In an open letter to publishers last week, news aggregator NewsNow claimed its service is under threat following legal pressure from UK newspaper publishers.
Speaking to Journalism.co.uk at the time, managing director Struan Bartlett said almost all of those publishers named and regional newspaper group were putting pressure on the site.
Some publishers have demanded compensation for the site’s links to their content rather than a revenue share, he added.
Today Bartlett has published a ‘free linking’ Q&A outlining further details of the site’s deteriorating relationship with newspaper publishers.
In the post, Bartlett lists the publishers threatening action against the aggregator and says a number of publishers are threatening to seek a court injunction that would stop us linking if the site doesn’t accept proposed charges and controls.
“It is true that news providers perform a critical public-interest role, something we are dedicated to supporting. But the role of news aggregators, as platforms that enable people to locate news and that support a competitive market in news providers, is today equally critical to the public interest,” says the Q&A.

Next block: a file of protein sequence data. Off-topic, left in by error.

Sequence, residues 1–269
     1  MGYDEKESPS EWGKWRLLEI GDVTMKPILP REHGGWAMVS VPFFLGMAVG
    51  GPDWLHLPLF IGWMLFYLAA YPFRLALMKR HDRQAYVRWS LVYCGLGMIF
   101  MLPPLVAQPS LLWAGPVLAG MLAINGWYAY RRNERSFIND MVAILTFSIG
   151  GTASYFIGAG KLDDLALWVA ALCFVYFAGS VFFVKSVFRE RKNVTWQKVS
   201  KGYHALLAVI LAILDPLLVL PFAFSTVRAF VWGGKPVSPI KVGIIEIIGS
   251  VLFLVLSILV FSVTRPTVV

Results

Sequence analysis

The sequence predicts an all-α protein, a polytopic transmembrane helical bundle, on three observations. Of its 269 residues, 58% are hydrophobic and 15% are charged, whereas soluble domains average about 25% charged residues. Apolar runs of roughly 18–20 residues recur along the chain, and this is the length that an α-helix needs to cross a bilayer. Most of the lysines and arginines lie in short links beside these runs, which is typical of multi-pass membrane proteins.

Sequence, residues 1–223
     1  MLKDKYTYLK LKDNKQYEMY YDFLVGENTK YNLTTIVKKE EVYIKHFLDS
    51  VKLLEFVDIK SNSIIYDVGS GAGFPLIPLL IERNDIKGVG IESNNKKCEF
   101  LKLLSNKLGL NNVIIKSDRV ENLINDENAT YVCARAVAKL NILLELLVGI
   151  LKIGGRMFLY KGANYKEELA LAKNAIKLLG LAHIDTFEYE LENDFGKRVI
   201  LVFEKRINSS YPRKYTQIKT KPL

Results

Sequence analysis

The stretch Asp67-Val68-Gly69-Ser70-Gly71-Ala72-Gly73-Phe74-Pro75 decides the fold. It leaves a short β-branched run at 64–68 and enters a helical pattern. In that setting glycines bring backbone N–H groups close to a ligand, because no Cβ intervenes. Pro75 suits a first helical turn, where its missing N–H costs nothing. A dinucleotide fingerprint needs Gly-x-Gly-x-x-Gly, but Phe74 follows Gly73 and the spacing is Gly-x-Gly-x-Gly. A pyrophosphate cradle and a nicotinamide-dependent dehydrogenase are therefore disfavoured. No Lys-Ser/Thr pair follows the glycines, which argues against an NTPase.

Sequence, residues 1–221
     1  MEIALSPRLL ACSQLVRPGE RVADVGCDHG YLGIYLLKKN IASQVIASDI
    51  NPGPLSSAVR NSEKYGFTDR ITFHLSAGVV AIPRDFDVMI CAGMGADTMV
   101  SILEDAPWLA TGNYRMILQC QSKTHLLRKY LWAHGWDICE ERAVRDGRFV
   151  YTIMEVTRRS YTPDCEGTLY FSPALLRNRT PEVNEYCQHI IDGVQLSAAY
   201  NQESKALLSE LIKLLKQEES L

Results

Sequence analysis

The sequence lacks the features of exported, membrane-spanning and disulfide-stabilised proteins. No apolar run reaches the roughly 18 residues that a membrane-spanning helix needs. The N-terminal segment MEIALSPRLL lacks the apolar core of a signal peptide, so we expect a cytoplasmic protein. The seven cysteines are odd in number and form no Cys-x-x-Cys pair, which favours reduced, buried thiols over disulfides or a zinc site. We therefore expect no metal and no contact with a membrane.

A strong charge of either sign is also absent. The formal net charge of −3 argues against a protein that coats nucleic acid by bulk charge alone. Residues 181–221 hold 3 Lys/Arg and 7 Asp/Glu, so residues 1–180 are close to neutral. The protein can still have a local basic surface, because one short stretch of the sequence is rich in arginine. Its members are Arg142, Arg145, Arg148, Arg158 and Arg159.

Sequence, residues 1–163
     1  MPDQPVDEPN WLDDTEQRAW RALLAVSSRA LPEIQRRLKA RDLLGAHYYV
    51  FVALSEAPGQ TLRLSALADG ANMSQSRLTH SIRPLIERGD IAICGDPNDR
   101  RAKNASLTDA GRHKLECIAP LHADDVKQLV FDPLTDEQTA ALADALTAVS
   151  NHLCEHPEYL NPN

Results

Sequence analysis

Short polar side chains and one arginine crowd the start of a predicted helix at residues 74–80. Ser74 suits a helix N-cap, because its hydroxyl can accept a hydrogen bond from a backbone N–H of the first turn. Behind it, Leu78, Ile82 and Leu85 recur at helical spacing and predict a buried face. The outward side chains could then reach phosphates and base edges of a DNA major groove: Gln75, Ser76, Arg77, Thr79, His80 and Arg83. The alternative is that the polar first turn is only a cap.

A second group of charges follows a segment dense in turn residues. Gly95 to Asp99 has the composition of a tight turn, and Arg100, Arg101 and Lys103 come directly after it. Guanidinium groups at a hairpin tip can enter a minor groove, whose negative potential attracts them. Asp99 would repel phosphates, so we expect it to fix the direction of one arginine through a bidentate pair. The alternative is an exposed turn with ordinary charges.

“The impact of the publishers’ proposed charges and controls on link aggregation services like ours is not in the public interest or compatible with newspapers’ stated desire to safeguard journalism and to protect freedom of expression, freedom of communication and access to news.”
Journalism.co.uk also heard from the Newspaper Licensing Agency (NLA) in response to our report on NewsNow’s open letter last week. A spokesman said the NLA supported NewsNows’ non-commercial services e.g. free feeds to consumers.
“We want links back to publishers’ sites and understand their centrality to the internet,” he said.
With regards to NewsNows’ commercial activity e.g. its bespoke feeds for clients, the agency said it is seeking to ‘license and legitimise this activity – not stop it’. In June the agency announced that it intends to start charging web aggregators for a licence permitting them to use links to newspaper articles.
“The NLA believes a legitimate and thriving market in web cuttings – with fair shares for content creators and distributors – will be better for all,” the spokesman said.